Governing teachers’ work and learning through data

Year: 2016

Author: Hardy, Ian

Type of paper: Abstract refereed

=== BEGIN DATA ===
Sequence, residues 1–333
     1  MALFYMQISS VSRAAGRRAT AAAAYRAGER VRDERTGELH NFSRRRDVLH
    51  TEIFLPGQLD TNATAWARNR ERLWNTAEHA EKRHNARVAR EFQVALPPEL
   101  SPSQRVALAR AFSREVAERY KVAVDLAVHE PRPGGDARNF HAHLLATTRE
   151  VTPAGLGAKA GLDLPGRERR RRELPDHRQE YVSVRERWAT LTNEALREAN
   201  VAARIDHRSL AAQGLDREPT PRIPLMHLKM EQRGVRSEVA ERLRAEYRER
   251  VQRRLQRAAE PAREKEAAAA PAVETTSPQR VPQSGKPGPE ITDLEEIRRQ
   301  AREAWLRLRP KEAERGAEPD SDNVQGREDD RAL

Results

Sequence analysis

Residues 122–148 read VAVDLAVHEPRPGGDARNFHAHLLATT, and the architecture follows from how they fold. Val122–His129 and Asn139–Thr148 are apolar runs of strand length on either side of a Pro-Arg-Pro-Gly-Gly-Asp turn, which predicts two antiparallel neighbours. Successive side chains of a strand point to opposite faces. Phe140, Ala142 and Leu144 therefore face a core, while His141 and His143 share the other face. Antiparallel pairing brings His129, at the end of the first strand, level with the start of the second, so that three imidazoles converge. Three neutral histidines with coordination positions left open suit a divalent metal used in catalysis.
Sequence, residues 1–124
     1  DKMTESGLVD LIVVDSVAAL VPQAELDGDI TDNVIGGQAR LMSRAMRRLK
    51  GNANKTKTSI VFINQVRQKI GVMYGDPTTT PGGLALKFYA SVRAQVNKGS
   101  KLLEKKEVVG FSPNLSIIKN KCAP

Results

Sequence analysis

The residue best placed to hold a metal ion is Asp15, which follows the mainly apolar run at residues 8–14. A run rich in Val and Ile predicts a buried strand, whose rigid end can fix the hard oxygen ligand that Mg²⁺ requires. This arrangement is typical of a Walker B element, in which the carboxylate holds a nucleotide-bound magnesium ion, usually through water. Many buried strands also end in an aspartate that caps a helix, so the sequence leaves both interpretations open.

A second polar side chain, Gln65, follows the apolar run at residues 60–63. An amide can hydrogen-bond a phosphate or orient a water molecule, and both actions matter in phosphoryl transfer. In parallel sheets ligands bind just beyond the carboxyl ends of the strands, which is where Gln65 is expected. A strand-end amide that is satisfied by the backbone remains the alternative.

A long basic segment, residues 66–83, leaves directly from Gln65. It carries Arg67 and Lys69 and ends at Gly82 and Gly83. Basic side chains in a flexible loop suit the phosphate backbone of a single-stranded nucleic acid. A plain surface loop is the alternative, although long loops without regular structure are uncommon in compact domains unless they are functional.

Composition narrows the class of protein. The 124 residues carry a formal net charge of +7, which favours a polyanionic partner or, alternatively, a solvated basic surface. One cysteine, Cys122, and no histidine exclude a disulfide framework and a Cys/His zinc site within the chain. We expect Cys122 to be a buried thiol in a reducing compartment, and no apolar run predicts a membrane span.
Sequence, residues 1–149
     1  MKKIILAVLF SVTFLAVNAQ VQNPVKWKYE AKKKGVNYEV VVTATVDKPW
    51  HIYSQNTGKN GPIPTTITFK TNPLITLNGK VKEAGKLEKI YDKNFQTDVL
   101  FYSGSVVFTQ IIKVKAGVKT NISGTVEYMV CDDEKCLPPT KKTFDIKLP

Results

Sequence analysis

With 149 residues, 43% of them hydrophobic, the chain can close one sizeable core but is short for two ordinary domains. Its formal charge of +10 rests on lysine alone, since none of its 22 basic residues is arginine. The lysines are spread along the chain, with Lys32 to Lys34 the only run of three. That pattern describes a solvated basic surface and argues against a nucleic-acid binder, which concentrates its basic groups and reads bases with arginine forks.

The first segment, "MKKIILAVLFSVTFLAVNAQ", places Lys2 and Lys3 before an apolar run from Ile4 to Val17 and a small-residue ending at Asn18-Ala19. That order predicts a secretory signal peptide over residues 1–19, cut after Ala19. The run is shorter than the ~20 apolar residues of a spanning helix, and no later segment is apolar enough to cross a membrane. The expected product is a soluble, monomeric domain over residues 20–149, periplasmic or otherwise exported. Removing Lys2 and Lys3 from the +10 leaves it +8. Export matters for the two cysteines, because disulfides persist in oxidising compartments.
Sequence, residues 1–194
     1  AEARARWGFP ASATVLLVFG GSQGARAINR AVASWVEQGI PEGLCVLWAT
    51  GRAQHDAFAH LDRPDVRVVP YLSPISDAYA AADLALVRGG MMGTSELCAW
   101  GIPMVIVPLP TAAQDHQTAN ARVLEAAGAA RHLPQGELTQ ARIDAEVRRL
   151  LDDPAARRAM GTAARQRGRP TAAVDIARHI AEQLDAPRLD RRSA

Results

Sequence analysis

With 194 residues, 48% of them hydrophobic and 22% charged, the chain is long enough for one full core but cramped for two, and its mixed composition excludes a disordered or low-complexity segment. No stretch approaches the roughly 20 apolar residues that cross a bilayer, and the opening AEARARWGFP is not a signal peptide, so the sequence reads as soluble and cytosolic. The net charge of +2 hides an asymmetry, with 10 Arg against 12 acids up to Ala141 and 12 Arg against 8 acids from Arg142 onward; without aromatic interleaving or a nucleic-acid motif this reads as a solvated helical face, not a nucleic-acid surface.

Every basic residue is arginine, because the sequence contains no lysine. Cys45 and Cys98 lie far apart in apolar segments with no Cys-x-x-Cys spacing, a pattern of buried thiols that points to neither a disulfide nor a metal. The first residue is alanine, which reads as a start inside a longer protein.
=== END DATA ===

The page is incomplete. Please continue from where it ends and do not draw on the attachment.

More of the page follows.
This article reveals the multiple ways in which data are constituted as a vehicle for governing teachers’ work and learning. To do so, the article focuses upon how teachers’ work and learning are construed in one school in the northern regions of the state of Queensland, Australia. Drawing upon Foucauldian-inspired concepts of governance and governmentality, and the sociology of numbers, the research reveals how teachers’ work and learning are constituted through practices of: establishing specific ‘targets’ including in the form of various ‘audacious goals’ for national testing; focusing upon ‘aligning’ all forms of school, regional and national data collected within the school, and; participating in various ‘data conversations’ about specific students with senior members of staff, particularly those students whose data indicated they could improve above designated thresholds. While the research reveals how some teachers found such practices beneficial for their own learning to improve their practice with students, it also reveals how this learning was always and everywhere framed within a broader discourse of data, and how this data-centric focus came to constitute what was considered important by these teachers about their work, and the learning of their students. The article cautions against the current focus upon data, without an adequate interrogation of how data constitute and are constitutive of the work and learning of both teachers and students.